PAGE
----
The Online Workshop

I think that writers, especiallypoets, can benefit from attending a workshop. The camaraderie of being with other poets and potentially learning from a respected author in the field can be a worthwhile and valuable experience. Workshops provide a nurturing environment that helps poets grow and improve. As a concept, I think they’re wonderful. Spending a weekend or several weeks surrounded by fellow writers while working on poetry sounds like a dream come true. However, there is one small issue. I may have already established this here on The Poetry Coopbefore but it bears repeating: I am an introvert. I am not great in person. I am OK over the phone. I am excellent over the internet. Between that and my day job, it means that I don’t actually attend any writers’ workshops.

However, that doesn’t mean I haven’t been through them online. There are plenty of well-run and respected online workshops that you can take and get a similar experience over the internet. If you are looking for one, here are a few things to keep your focus on:

  1. Use a reputable site. I prefer workshops attached to universities or even community colleges to be a good option. Some even offer course credit! Find out if the person running the course has real credentials. Treat it like they are interviewing for a job and check their references. If they say they’ve won an award, took it up. If they’ve published books, get your hands on one and read it. See if their style is something you like or that follows the topic of the course. Of course, unless you are video chatting with your instructors, it might be hard to be sure that you are speaking to the correct person. Only you know how skeptical you are. If you aren’t sure, check with the school or company running the workshop. See if you can verify who the leader of the course is. If it sounds too good to be true, it just might be. And protect your work, too, so that you will have recourse if someone in the group plagiarizes you.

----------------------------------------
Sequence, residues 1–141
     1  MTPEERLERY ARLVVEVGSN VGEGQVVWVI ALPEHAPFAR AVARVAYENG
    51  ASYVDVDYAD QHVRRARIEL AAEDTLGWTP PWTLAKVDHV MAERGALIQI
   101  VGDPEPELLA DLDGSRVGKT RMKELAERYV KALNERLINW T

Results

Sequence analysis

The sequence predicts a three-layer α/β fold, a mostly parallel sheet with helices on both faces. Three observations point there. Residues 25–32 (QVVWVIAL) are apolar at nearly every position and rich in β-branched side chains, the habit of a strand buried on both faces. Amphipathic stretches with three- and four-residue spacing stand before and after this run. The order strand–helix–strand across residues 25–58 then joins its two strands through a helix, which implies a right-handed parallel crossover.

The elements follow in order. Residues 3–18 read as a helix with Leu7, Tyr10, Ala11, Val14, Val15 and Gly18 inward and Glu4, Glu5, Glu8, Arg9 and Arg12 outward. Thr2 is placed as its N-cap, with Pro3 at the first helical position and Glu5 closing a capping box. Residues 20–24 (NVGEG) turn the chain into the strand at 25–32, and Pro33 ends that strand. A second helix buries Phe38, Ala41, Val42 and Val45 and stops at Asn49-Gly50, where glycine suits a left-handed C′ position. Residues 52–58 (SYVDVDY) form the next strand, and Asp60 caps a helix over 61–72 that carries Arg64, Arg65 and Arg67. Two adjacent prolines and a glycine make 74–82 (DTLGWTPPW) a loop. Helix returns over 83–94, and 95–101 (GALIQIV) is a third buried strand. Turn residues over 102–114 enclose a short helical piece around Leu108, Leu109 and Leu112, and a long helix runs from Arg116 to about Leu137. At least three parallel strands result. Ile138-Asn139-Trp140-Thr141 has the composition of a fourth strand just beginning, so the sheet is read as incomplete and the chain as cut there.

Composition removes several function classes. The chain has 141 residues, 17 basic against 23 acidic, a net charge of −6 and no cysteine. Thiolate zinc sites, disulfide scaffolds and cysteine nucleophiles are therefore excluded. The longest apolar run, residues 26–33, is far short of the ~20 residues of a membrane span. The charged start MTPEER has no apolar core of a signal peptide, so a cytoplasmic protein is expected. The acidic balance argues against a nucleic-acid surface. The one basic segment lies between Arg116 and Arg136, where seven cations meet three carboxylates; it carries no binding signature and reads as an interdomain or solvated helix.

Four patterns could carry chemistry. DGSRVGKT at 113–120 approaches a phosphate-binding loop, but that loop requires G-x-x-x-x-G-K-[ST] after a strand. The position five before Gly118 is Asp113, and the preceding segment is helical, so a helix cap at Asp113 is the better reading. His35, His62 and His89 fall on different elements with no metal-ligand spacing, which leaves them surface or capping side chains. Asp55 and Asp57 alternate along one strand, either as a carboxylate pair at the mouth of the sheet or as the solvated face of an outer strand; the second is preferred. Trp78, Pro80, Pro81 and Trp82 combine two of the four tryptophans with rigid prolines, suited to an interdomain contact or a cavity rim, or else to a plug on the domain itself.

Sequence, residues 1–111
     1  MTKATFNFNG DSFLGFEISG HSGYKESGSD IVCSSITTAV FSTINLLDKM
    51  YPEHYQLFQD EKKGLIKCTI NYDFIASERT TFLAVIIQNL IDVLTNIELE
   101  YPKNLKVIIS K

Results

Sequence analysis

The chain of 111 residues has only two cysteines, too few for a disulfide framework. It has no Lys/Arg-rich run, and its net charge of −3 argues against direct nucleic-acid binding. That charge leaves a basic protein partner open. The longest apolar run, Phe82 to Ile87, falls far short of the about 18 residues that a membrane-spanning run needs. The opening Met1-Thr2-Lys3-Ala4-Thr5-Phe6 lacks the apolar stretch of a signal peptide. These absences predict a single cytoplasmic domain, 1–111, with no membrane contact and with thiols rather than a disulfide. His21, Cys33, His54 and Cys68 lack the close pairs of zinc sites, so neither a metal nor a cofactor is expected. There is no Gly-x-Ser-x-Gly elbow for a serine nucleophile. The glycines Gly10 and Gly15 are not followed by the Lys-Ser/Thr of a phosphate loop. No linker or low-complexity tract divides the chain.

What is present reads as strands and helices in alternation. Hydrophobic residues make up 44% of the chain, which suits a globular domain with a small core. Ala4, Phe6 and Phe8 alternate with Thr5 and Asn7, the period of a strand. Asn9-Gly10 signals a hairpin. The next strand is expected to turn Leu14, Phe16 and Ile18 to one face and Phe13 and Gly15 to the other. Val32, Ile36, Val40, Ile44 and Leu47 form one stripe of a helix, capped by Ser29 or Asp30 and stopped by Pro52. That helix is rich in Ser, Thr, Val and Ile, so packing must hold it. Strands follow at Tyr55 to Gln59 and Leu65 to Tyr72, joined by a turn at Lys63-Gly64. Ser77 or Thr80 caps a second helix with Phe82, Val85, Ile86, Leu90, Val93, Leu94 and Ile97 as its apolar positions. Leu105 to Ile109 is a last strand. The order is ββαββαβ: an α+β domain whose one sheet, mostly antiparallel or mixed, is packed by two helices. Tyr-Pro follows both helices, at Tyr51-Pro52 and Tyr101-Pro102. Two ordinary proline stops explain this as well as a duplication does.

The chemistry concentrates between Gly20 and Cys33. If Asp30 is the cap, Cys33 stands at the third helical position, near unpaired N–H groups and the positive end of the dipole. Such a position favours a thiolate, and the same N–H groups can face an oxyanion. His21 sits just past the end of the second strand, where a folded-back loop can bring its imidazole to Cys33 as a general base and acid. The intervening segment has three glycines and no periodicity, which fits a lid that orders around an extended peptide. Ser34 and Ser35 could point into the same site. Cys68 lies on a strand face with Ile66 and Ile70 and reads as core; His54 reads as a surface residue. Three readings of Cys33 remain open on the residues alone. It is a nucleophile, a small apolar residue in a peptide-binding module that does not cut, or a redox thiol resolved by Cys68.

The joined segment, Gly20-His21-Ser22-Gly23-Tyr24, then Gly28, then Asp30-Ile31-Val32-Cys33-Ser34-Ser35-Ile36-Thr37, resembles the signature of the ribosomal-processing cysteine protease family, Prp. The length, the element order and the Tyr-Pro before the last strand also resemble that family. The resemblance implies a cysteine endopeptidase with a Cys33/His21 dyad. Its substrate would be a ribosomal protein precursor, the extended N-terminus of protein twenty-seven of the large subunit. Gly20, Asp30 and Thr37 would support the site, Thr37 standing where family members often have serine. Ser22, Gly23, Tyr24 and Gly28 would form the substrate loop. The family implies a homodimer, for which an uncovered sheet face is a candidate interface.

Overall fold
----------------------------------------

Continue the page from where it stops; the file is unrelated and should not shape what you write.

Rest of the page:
2. Be sure you understand what you are getting into. Some online workshops are just video from the actual workshop that was done in person. You may or may not have someone available to read and critique your work. That’s not to say you won’t get anything out of them, but it might not be what you want. Know if it is an at-your-own-pace course or if you need to be online at a certain time of day every day/week etc. Pick something that works with your schedule. Know what happens if you have to drop out.
  3. Have a reliable internet connection. Verify that your technology meets the required specs for the class. You may need a certain program or processing speed, or meet other eligibility requirements. Make sure that you know them before you sign up. If you are going to be away from your computer during a class and think you can use your phone, make sure that you are correct.

A workshop can provide a poet with a community of support and priceless guidance to hone their craft. If it is something you are interested in, give it a try!